Ann Arbor-based Oxford Companies has plans to transform Ann Arbor's State-Eisenhower corridor into an alternative downtown, starting with its recent acquisition of the iconic office building at 777 E. Eisenhower Parkway.
Oxford Companies founder and CEO Jeff Hauptman says his company is the first local owner of the building since it was built 44 years ago. The 10-story, 290,000-square-foot building is one of 38 buildings Oxford Companies owns on the south side of Ann Arbor.
Hauptman says an investment real estate company's goal is to make a good return for investors, but he wants to "have a positive impact on the entire community" in Ann Arbor.
He says Oxford has been investing in improvements to parking lots, landscaping, and other highly visible parts of the office buildings it owns. The company would like to take that one step further by making the State-Eisenhower corridor more pedestrian-friendly and tackling the problem of traffic congestion. He cites statistics that 80,000 cars drive into Ann Arbor every morning because many people who work in Ann Arbor can't afford to live there.
"Oxford's goal, because we're the largest landlord in that market, is to bring everyone together to start working on projects that bring more density and make the area more attractive to people who work there," he says.
He says downtown Ann Arbor is attractive because of the mix of retail, bars and restaurants, and office space, and he'd like to bring more of that "live, work, play" atmosphere to the Eisenhower-State corridor. He plans to start with adding retail business and a restaurant or cafe to the ground floor of the 777 building, and making aesthetic improvements to the building.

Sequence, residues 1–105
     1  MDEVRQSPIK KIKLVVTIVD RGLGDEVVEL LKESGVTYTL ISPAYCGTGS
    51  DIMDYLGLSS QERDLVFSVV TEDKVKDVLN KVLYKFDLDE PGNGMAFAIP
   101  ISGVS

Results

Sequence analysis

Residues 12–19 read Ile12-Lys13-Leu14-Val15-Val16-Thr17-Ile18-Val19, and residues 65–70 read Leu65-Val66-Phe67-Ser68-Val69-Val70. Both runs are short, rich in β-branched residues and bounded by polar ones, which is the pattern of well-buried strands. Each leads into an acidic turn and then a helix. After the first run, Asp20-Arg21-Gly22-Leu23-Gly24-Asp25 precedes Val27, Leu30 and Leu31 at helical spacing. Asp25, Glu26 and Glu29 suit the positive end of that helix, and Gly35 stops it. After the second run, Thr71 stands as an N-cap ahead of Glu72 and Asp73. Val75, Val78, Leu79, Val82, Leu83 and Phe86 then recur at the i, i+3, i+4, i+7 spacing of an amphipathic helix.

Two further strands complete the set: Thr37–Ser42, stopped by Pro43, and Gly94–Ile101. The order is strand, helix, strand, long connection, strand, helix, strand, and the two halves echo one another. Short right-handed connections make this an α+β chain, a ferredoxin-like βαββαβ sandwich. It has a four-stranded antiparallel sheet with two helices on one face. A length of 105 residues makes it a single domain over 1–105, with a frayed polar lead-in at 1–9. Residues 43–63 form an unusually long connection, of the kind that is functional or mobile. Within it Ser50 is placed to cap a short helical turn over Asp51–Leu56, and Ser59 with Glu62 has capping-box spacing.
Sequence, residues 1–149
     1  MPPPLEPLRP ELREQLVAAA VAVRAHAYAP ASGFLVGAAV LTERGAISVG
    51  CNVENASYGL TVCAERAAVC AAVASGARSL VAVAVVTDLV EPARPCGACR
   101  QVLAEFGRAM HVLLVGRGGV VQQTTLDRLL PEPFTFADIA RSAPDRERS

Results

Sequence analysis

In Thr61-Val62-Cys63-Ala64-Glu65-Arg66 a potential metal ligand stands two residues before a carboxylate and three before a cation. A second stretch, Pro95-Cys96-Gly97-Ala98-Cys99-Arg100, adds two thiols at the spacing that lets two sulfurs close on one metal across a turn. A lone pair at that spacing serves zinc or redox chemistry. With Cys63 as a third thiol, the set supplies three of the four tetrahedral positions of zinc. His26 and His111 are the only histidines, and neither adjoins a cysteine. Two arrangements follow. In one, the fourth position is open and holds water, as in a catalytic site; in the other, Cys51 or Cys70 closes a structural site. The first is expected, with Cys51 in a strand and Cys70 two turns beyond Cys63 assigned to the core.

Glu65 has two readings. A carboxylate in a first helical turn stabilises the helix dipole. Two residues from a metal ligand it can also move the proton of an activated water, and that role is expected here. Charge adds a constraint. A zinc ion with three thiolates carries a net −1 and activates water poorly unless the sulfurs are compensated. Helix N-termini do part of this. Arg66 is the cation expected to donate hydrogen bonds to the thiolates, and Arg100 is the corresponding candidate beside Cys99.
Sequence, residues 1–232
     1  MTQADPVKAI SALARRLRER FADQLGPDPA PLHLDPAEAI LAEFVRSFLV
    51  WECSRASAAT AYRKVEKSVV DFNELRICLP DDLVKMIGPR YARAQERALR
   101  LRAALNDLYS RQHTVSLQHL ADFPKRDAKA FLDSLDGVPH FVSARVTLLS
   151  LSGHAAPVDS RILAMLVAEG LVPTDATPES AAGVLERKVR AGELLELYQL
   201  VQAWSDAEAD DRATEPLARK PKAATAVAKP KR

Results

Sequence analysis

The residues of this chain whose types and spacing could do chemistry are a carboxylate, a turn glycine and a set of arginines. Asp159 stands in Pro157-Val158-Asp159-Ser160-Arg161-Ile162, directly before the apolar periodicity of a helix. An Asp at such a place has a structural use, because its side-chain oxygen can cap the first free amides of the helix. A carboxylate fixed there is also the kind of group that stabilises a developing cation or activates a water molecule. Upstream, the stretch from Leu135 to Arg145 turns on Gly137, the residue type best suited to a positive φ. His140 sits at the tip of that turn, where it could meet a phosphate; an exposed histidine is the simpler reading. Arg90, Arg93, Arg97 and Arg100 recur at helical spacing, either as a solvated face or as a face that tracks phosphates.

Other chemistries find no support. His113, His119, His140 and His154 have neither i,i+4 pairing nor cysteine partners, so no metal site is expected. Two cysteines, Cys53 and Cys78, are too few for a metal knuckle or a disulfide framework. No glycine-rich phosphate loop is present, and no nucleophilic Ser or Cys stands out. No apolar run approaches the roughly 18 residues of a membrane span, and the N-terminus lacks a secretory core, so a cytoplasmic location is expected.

"It's very well built, very solid, but we think we can do a lot more to make it more attractive for people to want to go there," he says. "There's no real food option, even though it's the largest property of its type in the area. We want to make the whole presentation of 777 a lot nicer."
He imagines community members and developers improving the area further by building workforce housing and attracting more fitness studios, restaurants, and bars, so that residents can work and then find food and recreation all in the same area without ever having to get in a car.
Improving a community is not something one company can do on its own, Hauptman says.
"You need everyone to step up and be involved," he says. "We're happy to be a catalyst because of the level of involvement we have in the corridor. Why not get everyone involved with trying to improve the area?"
Sarah Rigg is a freelance writer and editor in Ypsilanti Township and the interim project manager of On the Ground Ypsilanti. She has served as innovation and jobs/development news writer for Concentrate since early 2017 and is an occasional contributor to Driven. You may reach her at firstname.lastname@example.org.
Photo courtesy of Oxford Companies.